Avaya Is Set to Go Private
Telecom giant Avaya announced June 4 that it is getting scooped up by private equity firms Silver Lake Partners and TPG Capital for about $8.2 billion. The transaction, expected to be completed in the fall, is subject to shareholder and regulatory approval. Avaya’s board of directors has already approved the deal and recommended that the company’s shareholders move to adopt the agreement as well.
The agreement still allows Avaya to continue soliciting proposals from other interested parties. It had been rumored that two of Avaya’s leading competitors, Cisco Systems and Nortel Networks, were interested in acquiring the enterprise telephony provider that was spun off from Lucent in 2000.
Silver Lake Partners and TPG Capital are no strangers to the technology market. Japan Telecom, ON Semiconductor, SunGard Data Systems, and the pending acquisition of Alltel are a handful of TPG Capital’s significant telecom and technology investments. Silver Lake’s portfolio currently includes outfits like Gartner, NASDAQ, SunGard (owned jointly with TPG), and Thomson.
While the move brings much-needed financial support to Avaya, which has seen its sales flatten and its competition increase, it lacks a technology vision and could undermine the confidence of its customers, many analysts fear.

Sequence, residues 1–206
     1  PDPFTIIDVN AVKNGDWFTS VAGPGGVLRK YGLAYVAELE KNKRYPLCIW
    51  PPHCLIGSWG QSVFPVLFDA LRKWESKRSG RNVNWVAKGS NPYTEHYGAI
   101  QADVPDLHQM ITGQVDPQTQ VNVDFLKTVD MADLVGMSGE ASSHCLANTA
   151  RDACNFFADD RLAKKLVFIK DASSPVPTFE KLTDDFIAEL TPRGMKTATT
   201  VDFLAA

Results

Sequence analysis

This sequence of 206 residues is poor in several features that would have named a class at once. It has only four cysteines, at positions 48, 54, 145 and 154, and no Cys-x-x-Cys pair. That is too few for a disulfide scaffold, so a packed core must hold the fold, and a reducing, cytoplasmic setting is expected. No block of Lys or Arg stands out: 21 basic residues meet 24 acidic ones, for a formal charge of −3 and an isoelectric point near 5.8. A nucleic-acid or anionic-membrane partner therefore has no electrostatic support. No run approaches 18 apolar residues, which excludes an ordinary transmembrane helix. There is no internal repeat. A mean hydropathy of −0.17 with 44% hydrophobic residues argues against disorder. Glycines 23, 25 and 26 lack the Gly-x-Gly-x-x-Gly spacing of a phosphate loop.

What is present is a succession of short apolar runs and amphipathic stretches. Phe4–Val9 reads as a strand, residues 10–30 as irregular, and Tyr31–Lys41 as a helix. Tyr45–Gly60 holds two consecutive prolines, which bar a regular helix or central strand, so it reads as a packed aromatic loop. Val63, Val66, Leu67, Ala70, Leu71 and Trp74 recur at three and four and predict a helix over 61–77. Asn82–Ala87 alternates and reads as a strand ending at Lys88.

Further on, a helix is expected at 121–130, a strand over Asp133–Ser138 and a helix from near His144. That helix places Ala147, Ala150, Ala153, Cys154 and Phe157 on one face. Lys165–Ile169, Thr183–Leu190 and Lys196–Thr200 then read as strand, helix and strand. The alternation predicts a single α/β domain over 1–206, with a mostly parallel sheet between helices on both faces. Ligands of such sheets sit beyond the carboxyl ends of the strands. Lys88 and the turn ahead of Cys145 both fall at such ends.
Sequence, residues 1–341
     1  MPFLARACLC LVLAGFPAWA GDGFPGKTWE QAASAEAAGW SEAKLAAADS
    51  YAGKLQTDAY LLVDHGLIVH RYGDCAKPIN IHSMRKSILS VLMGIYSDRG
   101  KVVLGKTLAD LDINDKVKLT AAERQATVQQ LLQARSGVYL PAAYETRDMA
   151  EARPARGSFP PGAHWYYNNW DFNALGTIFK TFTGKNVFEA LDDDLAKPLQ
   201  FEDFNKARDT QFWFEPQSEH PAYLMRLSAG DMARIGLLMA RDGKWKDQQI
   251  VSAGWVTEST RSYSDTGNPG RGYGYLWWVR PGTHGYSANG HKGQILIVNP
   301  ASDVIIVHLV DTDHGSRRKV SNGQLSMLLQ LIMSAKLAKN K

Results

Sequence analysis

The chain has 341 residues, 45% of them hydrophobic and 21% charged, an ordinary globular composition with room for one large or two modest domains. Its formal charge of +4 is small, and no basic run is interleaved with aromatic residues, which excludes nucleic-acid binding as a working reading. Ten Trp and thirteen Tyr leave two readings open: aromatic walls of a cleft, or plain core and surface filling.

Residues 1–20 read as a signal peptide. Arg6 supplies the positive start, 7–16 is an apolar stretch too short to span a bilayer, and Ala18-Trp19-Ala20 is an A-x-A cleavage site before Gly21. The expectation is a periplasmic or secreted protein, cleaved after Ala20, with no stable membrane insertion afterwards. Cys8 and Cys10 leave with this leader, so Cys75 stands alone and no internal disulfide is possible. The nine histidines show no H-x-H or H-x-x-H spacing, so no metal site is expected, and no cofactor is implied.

Sheila McGee-Smith, president and principal analyst of McGee-Smith Analytics, says she is disappointed that Avaya found a financial buyer as opposed to a strategic one. “The nature of the telephony software market is changing,” she says. “We expect over the next few years to see a different category of acquisitions happen, similar to the acquisition of Telephony@Work by Oracle or the acquisition of Tellme Networks by Microsoft. These are more industry-changing events. Clearly Avaya is much bigger [than those acquired companies] but over time [those kinds of deals are] going to be the direction of change.”
She adds, though, “by not being acquired by Nortel, Avaya can remain as a strong alternative to Cisco.”
David Molony, principal analyst at Ovum, says that the deal is a vote of confidence in Avaya and the IP telephony business because private equity typically is looking for businesses with reliable cash flows it thinks can be improved quickly and substantially. “Until now, telecom equipment vendors had been left to sort out their own financial futures,” he said in a written statement. “Avaya is different in that it is not encumbered by the need to fund infrastructure businesses. Nonetheless, it may still have missed out on the drive to consolidation and partnership.”
Molony adds that Nortel and Cisco, arguably Avaya’s two main rivals in IP telephony and unified communications (UC) systems, have both agreed to develop new services on the back of Microsoft’s Office Communications Server. “Avaya may have had a chance to join them, but apparently chose not to. Instead it has its own expanded UC project in development,” he said. “Whether that can be brought to market independently is really a question now for the new owners to consider.”